Nadeau Farm may see changes

HUDSON – The town’s last commercial dairy farm could one day house residences and light industrial and commercial businesses.

Etchstone Properties bought about 50 acres of the Nadeau Farm. The Nashua company has proposed subdividing part of the land into 10 lots, of which nine would be residential.

Under the proposed plans, the former barn would be converted into 21,949 square feet of light industrial uses and storage. A two-family home on the Old Derry Road property would remain.

Etchstone has two separate proposals before the Planning Board – one to subdivide part of the property and one for site plan approval.

The developer is still considering what to do with 20 acres of the property, engineer Richard Maynard said at a Planning Board meeting Wednesday.

The area is zoned “general,” which allows for a variety of uses, including most permitted in other zoning districts.

Under a variance from the Zoning Board of Adjustment, the barn could not have any retail businesses. Under the zoning, about 25 uses could be in the barn. Typical uses may include carpet installers, computer cable installers, drywall contractors, glass-blowing companies, roofing or siding contractors and vending machine companies, according to documents submitted for the proposal.

The Planning Board started discussing the proposed subdivision Wednesday but continued the hearing after numerous questions were raised about the design of the main road into the property.

Alternately described as a shared driveway and private road, the one main road could be the responsibility of several property owners. A second entrance on Putnam Road would be barred and gated.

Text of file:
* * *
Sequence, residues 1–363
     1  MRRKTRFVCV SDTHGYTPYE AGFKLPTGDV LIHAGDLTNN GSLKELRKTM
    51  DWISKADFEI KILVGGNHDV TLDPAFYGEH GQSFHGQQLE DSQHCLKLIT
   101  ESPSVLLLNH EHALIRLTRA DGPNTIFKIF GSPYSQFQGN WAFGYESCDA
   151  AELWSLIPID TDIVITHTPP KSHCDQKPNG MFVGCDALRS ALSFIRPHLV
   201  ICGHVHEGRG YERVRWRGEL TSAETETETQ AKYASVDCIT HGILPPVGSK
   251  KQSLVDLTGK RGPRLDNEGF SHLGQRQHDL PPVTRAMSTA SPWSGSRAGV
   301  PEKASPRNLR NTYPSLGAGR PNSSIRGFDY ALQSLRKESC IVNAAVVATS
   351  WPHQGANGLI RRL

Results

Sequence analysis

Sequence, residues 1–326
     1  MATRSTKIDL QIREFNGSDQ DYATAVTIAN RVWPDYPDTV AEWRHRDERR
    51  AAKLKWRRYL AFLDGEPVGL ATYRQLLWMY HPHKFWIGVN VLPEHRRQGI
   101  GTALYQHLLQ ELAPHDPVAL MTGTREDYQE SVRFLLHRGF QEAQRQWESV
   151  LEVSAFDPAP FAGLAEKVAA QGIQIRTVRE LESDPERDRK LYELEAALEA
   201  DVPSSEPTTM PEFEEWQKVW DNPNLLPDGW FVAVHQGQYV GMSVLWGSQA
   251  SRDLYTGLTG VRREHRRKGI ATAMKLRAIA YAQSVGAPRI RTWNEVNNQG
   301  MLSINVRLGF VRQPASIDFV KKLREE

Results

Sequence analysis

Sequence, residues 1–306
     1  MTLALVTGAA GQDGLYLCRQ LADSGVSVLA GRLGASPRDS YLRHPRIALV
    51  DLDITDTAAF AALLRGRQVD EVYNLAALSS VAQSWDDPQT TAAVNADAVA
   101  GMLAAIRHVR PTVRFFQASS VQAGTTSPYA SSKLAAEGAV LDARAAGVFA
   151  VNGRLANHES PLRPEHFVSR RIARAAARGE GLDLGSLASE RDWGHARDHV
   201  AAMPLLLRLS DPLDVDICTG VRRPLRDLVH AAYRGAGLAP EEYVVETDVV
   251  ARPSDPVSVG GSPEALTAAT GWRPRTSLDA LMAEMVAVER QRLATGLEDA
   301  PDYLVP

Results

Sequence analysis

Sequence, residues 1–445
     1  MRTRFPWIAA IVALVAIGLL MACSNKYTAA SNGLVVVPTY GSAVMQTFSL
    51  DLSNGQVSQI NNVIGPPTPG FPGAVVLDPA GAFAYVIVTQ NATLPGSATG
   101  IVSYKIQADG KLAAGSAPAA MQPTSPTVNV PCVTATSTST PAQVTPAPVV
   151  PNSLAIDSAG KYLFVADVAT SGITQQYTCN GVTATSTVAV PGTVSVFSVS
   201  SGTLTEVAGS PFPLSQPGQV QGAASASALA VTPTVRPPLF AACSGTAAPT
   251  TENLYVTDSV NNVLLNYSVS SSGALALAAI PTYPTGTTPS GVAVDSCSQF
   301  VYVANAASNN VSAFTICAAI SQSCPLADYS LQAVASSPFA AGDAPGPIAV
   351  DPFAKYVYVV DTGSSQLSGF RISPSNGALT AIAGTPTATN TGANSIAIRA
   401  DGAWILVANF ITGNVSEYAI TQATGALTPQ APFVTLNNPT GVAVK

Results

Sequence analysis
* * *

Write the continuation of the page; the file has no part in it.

If the road were defined as a shared driveway, it would require a waiver from the Planning Board.

“I can’t figure out (how) this would ever work,” Planning Board Marilyn McGrath said. She questioned whether it was practical to have several property owners maintain parts of the same road.

The developer was trying to maintain the area’s character, Town Planner John Cashell said. The Fire Department has signed off on the road system, he said.

“It’s a special piece of land in a rural setting,” he said. “They want to maintain that country character.”

The proposed roadway system is a little different from what the Planning Board is used to, Cashell said.

“I think (we) should try to open up and see the possibility,” he said.

Some neighbors said they would prefer that the Putnam Road entrance remain gated.

At a meeting in December when the board reviewed conceptual plans, some residents said they did not want to see an increase in traffic on Putnam Road and were concerned about having headlights shining into their homes.

A substandard roadway is not servicing the residents in any development that’s built, Planning Board member Suellen Quinlan said.

“I’m concerned the plan is giving residents more deference than (the board) would give anyone,” she said.

The Nadeau Farm closed several years ago and the family sold all the dairy equipment and its herd.